The Istituto Poligrafico Zecca della Stato, or IPZS, have issued (15th May) their latest collector coin in part of the multinational Europa Star series, which focuses this year on the “Ages of Europe—Iron and Glass.” The Europa Star coin program is an ongoing annual numismatic initiative begun in 2004. The featured structure on the Italian entry in the series is that of the Galleria Victor Emanuele II, located in Milan. Often referred to as il salotto di Milano, or Milan’s drawing room, due to its numerous shops and its importance as a common Milanese meeting and dining place, the structure was a success almost from the day of its opening.
Cast-iron architecture flourished in Europe between the end of the 19th century and the beginning of the 20th, especially in France, England, and Italy. The most representative building of this style is the Galleria Vittorio Emanuele II in Milan. The building, designed in neo-Renaissance style by architect Giuseppe Mengoni (1829–1877), strikes a perfect balance between the modern cast-iron-and-glass roof and the precious, refined decorations. This spectacular structure is not only one of world’s oldest shopping malls or plazas still in continued use, it was in its earlier history, one of the largest covered commercial markets. Named for the first crowned head of state of a united Italian kingdom—Victor Emanuele II, who reigned from 1861 until his death in 1878—the building underwent construction between 1865 and 1877. Sadly, the brilliant architect did not live to participate in the inauguration of the galleria’s opening, which was held on the 30th December 1877, as he died from a fall off a scaffolding the day before its official opening.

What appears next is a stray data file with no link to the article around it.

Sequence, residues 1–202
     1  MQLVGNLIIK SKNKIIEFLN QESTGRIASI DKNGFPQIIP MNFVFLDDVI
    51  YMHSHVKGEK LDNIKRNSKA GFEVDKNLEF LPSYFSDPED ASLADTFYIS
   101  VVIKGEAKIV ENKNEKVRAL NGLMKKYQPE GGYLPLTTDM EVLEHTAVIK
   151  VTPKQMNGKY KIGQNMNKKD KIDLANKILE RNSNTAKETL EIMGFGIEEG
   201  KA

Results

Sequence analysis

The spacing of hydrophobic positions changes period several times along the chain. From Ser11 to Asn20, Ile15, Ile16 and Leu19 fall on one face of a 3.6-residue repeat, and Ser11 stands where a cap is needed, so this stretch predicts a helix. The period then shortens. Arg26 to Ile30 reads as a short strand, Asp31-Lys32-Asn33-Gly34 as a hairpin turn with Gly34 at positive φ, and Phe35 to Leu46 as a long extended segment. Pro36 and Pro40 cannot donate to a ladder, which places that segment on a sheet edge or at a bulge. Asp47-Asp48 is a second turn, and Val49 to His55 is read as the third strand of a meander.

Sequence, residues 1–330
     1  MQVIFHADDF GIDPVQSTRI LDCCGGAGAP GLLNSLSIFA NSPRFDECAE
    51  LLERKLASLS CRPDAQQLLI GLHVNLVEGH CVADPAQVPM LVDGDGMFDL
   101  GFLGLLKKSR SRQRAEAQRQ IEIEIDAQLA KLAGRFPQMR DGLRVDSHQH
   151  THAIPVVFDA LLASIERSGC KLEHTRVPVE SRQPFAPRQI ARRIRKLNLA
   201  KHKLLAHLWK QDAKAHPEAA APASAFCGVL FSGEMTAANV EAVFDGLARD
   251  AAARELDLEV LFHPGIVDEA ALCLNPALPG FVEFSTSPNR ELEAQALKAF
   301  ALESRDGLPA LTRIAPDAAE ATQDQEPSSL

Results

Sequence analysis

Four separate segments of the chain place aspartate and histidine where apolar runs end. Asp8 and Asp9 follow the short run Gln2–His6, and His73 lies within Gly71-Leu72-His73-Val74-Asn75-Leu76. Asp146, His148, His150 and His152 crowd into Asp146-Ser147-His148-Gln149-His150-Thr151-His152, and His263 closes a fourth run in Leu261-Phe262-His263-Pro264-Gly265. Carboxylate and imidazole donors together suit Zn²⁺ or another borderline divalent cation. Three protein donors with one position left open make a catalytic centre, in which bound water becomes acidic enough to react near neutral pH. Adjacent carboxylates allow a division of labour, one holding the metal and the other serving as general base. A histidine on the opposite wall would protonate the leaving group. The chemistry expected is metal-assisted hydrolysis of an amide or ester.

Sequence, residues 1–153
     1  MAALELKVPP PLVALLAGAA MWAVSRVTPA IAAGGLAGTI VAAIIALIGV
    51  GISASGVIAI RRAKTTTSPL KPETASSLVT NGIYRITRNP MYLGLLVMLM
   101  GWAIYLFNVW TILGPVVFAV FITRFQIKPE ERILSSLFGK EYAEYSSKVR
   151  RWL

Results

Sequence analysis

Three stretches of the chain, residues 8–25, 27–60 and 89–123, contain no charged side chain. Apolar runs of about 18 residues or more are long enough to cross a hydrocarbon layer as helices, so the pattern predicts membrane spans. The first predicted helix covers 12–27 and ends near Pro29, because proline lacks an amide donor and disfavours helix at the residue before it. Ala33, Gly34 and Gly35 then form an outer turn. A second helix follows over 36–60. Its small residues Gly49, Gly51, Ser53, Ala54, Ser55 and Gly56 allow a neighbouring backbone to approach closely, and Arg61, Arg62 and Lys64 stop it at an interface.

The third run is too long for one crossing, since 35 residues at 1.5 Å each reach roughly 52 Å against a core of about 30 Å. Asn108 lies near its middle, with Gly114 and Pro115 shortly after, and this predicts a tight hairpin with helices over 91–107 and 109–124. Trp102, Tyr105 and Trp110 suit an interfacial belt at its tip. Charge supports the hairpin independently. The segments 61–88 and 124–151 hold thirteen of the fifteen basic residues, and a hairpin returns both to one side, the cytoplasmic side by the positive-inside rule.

The imposing four-storied structure consists of two glass-vaulted arcades that come together in a central octagon covering the street and is topped with an exquisite glass dome. The primary walkway connects the Piazza del Duomo to the Piazza della Scala, another famed structure in Milan. As part of the internal design, the flooring consists of four mosaics that depict the crests of the cities of Rome, Turin, Florence, and Milan, the first three cities once serving as a capital of the new kingdom at some time in history.
The common obverse design for the second Europa series is the work of artisans from the Monnaie de Paris and features a large, off-centre star in the background. In the case of Italy’s example, designer Maria Carmela Colaneri has styled an allegorical representation of Italy with details from the emblem of the Italian Republic: within the five-pointed star, a cogwheel and branches of oak and olive; and above the star, between two points, a towered crown. At the base of the star are the logo of the Europa Star Programme and the name of the designer, COLANERI. To the right of the base is the letter R, identifying the Mint in Rome. The primary design is surrounded by the text REPUBBLICA ITALIANA.
The reverse depicts a view of the Galleria Vittorio Emanuele II that focuses on the cast-iron dome. Above, the value 10 EURO is integrated into the roof’s design, along with the year of the coin’s issue, 2017. The arch-shaped inscription ● GALLERIA ● VITTORIO ● EMANUELE ● II ● is placed around the lower edge of the dome, and the inscription ● ARCHITETTURE ● DEL ● FERRO ● is placed across the primary design.
|€10||.925 silver||22 g||34 mm||Proof||5,000|
The coin is available in Proof quality and directly from the IPZS by visiting them their e-webshop.
This year, nine countries have already confirmed their participation in the second issue of the five-year joint program “Ages of Europe”: Belgium, Finland, France, Greece, Ireland, Malta, Portugal, Spain, and Italy. ❑